(a) the government has, in public discourse, consistently and repeatedly used the specific term “tax” in describing the introduction of its “carbon pricing mechanism”;

(b) by contrast, the government’s actual legislation with respect to the introductory “fixed price period” specifically states in its primary Clean Energy Act 2011 bill, that its power to enforce the “charge” during this period is dependent on the act of charging for a “unit” not being deemed an act of “imposing taxation” under Section 55 of the Constitution;

(c) the government’s other, mutually-dependent supporting legislation referenced by the Clean Energy Act 2011 is mutually-contradictory, and therefore the act of imposing the “carbon unit” charge would be in breach of section 51 and/or section 55 of the Constitution – because in the government’s own words, it is not a tax, and not a duty of excise either.

This punitive, climaticallyfutile legislation can be defeated.

Legally.

The government would, of course, try to defend its position by claiming that imposing a charge for the (compulsory) issue of a carbon “unit” is not a breach of the Constitution section 55.

Saying so, does not make it so.

Moreover, even if a Constitutional challenge failed to stop the legislation – who can really trust the government-appointed High Court, after all – consider this.

The government’s being forced to defend their legislation’s assertion that the introductory “fixed price period” is not a tax in the High Court, would serve to focus the public spotlight on the government’s many months of blatant lies and deception about what their scheme scam actually is.

Because – as I have said all along – what they are calling a “tax”, is not a “tax” at all.

Neither is it a “duty of excise”.

And the government knows it.

As now conclusively proven, by their own draft legislation.

Here finally endeth the lesson, on the “tax” that even the government’s own legislation says is not a “tax”.

Calling all lawyers …

* COMMONWEALTH OF AUSTRALIA CONSTITUTION ACT – SECT 55

Tax Bill

Laws imposing taxation shall deal only with the imposition of taxation, and any provision therein dealing with any other matter shall be of no effect.

Laws imposing taxation, except laws imposing duties of customs or of excise, shall deal with one subject of taxation only; but laws imposing duties of customs shall deal with duties of customs only, and laws imposing duties of excise shall deal with duties of excise only.

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10 Responses to “The Carbon Pricing Scheme Is Unconstitutional”

  1. Oliver K. Manuel August 3, 2011 at 12:37 am #

    See comments posted here:

    http://judithcurry.com/2011/08/02/trying-to-put-the-climategate-genie-back-in-the-bottle/

    The thirty-nine (49) year battle (2011-1972 = 39) to avoid servitude to the one-world government that Richard Milhous Nixon secretly agreed to on 21-28 Feb 1972 is finally ending.

    Thank you for speaking out.

    With kind regards,
    Oliver K. Manuel
    Former NASA Principal
    Investigator for Apollo

  2. keith August 3, 2011 at 12:25 pm #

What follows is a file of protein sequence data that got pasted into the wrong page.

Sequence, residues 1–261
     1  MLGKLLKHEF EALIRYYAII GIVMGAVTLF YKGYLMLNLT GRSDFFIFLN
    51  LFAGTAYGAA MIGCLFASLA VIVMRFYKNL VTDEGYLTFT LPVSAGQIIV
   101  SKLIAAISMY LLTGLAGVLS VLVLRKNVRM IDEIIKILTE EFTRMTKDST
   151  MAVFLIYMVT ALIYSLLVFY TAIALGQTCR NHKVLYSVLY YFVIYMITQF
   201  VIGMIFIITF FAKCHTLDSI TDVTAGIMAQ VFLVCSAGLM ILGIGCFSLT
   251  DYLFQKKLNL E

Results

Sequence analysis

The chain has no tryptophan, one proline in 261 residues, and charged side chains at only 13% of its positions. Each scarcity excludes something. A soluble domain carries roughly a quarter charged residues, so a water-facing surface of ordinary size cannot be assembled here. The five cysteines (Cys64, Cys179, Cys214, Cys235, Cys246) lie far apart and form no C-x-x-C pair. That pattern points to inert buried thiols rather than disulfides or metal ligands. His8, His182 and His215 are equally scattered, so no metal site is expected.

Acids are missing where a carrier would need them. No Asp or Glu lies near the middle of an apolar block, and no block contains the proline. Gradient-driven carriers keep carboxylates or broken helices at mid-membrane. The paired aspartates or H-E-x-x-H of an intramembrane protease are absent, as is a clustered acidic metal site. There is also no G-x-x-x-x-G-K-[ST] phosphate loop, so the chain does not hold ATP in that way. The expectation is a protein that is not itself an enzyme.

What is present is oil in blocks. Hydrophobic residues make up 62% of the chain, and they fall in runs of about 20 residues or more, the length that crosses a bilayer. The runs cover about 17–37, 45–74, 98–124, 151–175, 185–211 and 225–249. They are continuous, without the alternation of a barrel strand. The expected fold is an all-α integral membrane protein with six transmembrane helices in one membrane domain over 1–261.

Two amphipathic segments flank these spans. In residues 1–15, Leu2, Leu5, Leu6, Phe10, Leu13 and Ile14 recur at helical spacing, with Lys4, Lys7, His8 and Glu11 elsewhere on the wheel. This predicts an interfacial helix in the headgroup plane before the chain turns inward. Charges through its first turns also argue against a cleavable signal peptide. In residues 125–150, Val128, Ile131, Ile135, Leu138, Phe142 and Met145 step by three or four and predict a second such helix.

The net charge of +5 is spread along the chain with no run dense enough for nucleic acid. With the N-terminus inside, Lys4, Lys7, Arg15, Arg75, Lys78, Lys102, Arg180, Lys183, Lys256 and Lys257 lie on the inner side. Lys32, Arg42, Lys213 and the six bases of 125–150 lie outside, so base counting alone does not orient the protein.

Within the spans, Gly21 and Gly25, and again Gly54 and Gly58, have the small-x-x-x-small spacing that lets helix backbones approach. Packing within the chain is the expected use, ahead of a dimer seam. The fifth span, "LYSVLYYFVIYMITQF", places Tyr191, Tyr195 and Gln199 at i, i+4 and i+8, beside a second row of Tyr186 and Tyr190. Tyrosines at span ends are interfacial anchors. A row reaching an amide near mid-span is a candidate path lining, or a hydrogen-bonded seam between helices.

The carbon tax has and always will be first about the money, it will actually do ZIP to improve the environment, see http://www.ecowho.com/blogs/135/Carbon_Tax_environmental_train_wreck/-b899c for why this is.

  3. JMD August 3, 2011 at 1:04 pm #

    Alas TBI, the constitution also (to this day) requires that State governments tender only gold or silver in payment of debt. Unfortunately, this seems to have gone out the window at the first opportunity.

    As President Nixon said in the case of Earth V Zoidberg;

    “I know a place where the constitution doesn’t mean squat” – the Supreme Court.

  4. Bamftiger August 3, 2011 at 5:07 pm #

    Section 128 vests all power in Australia with the people. 50,000 signatures gets us a referendum, 100,000 gets us a direct constitutional amendment. It can’t be that hard given the hatred for the current regime out there. Put recall elections in the constitution!

    • The Blissful Ignoramus August 3, 2011 at 5:16 pm #

      “Put recall elections in the Constitution” = bloody oath!

    • David Luland August 3, 2011 at 10:06 pm #

      Careful, Bamftiger. Don’t go giving GetUp stupid ideas. There’s half a million of them, all crazier than a taipan on speed.

  5. Col. of Blackburn August 3, 2011 at 6:56 pm #

    The Electricity Generators in NSW I am told are still in Government hands. Doesn’t the Constitution say that the Commonwealth shall not tax the States, nor shall the States tax the Commonwealth?

    • The Blissful Ignoramus August 3, 2011 at 7:37 pm #

      My understanding is “yes”, you are correct in this. Which of course begs the question why this is not already being challenged – or at least, threatened with same. I have it on sound authority that the reason why, is because the High Court (indeed, the entire legal system) is a boys club in cahoots with the public service/Parliament. And further, that our inferior Constitution is worded in such a way as to be without clear definitions, and as such, the High Court has open slather to consider any words / sentences as having a “dynamic” meaning. (ie) They are free to interpret it in any way they choose.

      As I often say, we do not live in a democracy at all. To believe so, is to be a (blissfully?) ignorant slave.

      • Michael Petterson,. September 20, 2011 at 7:46 pm #

        I wouldn’t say the High Court is in cahoots with the Parliament as such. After all they did axe Ms Gillard’s Malaysian scheme,which is hurting them at the present as they need the Coalition’s support to amend the Migration Act in an attempt to to get around the decision which would breach Australia’s human rights obligations,and in turn might be open to a ruling by the High Court.